In addition to the traditional Seders that take place on the first two nights of Passover, Yiddish-speaking New Yorkers have celebrated alternative Yiddish cultural Seders for decades.
Fay Bialowas explains how the farfel was once made from scratch, and then we show you how to prepare it with onions and lima beans.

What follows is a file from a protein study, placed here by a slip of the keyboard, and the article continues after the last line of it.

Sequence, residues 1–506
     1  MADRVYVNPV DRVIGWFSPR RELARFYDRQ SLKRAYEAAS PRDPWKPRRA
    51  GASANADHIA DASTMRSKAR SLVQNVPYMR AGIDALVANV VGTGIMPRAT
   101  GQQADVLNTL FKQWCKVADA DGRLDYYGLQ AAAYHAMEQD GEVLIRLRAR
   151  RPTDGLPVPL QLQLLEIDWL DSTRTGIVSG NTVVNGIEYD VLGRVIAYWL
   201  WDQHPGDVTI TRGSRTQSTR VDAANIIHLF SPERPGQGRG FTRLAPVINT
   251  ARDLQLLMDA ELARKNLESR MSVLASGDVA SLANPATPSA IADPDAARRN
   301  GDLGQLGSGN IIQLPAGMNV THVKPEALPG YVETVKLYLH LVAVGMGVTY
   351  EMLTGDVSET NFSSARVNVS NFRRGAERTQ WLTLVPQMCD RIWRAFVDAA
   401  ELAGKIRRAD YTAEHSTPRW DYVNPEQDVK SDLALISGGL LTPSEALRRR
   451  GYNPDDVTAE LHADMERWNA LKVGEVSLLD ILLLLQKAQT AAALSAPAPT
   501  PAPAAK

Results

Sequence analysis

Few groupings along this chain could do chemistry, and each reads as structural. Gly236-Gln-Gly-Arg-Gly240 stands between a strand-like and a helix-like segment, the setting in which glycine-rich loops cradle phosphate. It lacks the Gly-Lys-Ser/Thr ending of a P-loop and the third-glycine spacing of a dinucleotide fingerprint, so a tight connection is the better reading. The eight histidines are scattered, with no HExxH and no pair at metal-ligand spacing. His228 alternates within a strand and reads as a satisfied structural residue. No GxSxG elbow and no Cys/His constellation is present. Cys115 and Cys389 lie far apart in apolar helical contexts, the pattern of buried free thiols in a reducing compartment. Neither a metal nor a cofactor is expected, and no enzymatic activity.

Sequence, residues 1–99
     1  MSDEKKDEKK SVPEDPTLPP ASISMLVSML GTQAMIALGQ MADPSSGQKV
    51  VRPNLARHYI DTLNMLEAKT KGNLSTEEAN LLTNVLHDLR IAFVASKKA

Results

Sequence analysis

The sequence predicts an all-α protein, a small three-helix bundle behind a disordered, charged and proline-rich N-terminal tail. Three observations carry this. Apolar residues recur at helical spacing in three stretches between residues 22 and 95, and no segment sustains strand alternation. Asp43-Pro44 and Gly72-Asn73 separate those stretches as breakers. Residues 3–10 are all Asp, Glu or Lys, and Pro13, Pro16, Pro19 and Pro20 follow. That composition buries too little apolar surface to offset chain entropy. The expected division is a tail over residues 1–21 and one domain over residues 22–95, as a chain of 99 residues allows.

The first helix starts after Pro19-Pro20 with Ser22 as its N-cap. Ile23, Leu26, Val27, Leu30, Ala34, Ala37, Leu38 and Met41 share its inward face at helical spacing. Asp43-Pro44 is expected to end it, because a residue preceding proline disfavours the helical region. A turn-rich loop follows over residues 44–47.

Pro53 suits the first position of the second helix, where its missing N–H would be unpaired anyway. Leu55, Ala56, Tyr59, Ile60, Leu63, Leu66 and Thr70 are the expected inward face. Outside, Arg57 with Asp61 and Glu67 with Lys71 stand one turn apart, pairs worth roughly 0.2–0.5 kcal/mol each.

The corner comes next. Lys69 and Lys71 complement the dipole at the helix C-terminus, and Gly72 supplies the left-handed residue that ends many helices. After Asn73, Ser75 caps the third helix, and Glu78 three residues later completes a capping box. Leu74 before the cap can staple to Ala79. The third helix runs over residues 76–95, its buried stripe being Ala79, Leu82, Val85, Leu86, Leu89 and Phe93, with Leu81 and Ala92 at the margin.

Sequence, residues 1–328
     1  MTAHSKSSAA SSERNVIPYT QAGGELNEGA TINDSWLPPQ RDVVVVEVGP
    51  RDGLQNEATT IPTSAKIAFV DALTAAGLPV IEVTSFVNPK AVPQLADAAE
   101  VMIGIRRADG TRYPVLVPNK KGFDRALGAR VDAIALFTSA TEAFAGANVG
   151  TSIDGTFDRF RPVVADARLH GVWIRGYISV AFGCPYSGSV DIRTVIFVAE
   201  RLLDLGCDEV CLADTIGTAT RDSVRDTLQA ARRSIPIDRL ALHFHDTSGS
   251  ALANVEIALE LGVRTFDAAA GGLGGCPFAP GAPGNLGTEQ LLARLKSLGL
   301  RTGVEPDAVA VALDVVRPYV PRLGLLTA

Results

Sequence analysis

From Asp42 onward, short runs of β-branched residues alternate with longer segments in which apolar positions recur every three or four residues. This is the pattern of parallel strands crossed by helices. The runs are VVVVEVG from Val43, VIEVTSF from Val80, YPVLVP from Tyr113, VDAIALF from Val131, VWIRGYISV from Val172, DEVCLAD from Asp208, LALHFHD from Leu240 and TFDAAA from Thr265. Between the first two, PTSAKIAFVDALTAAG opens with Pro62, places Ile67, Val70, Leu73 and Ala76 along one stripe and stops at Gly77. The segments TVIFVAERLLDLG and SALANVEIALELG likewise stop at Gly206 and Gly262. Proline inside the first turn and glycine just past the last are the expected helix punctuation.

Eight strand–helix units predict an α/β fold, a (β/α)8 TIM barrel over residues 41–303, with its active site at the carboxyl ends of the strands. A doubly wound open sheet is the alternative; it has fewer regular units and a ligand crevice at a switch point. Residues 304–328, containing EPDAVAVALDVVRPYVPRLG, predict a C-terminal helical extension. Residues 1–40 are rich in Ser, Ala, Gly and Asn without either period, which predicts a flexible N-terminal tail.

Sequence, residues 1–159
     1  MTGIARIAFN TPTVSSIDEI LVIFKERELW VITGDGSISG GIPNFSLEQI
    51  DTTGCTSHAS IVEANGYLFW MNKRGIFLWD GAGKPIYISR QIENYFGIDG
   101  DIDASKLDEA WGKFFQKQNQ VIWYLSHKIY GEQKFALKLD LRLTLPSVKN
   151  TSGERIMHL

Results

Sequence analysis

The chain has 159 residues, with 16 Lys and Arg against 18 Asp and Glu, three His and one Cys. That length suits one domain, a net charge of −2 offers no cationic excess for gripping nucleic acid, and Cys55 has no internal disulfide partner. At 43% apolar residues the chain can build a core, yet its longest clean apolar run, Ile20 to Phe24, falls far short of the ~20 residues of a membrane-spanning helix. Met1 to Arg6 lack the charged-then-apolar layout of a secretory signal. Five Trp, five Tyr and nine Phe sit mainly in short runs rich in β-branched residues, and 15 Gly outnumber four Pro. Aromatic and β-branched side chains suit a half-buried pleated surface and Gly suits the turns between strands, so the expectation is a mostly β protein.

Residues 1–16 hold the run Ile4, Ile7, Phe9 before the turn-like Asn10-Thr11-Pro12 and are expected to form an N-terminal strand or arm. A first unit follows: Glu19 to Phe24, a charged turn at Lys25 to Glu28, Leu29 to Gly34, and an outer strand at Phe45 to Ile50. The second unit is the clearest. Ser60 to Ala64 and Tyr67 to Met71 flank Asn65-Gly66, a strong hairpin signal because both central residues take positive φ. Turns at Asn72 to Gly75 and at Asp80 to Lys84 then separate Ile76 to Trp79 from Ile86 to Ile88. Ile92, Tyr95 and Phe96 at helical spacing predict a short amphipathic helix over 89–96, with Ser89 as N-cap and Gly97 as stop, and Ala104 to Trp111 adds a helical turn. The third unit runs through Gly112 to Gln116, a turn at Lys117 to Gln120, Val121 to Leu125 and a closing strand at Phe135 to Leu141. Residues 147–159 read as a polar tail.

A young man spontaneously addresses Tel Aviv merchants and passers-by in Yiddish, and is surprised by their reactions.
Few people know that German-speaking Jews found safe haven in India during WWII and played a prominent role in society there.
In a 1945 letter, his wife writes that they simply couldn’t take care of his brother’s children who had just survived the Holocaust.6
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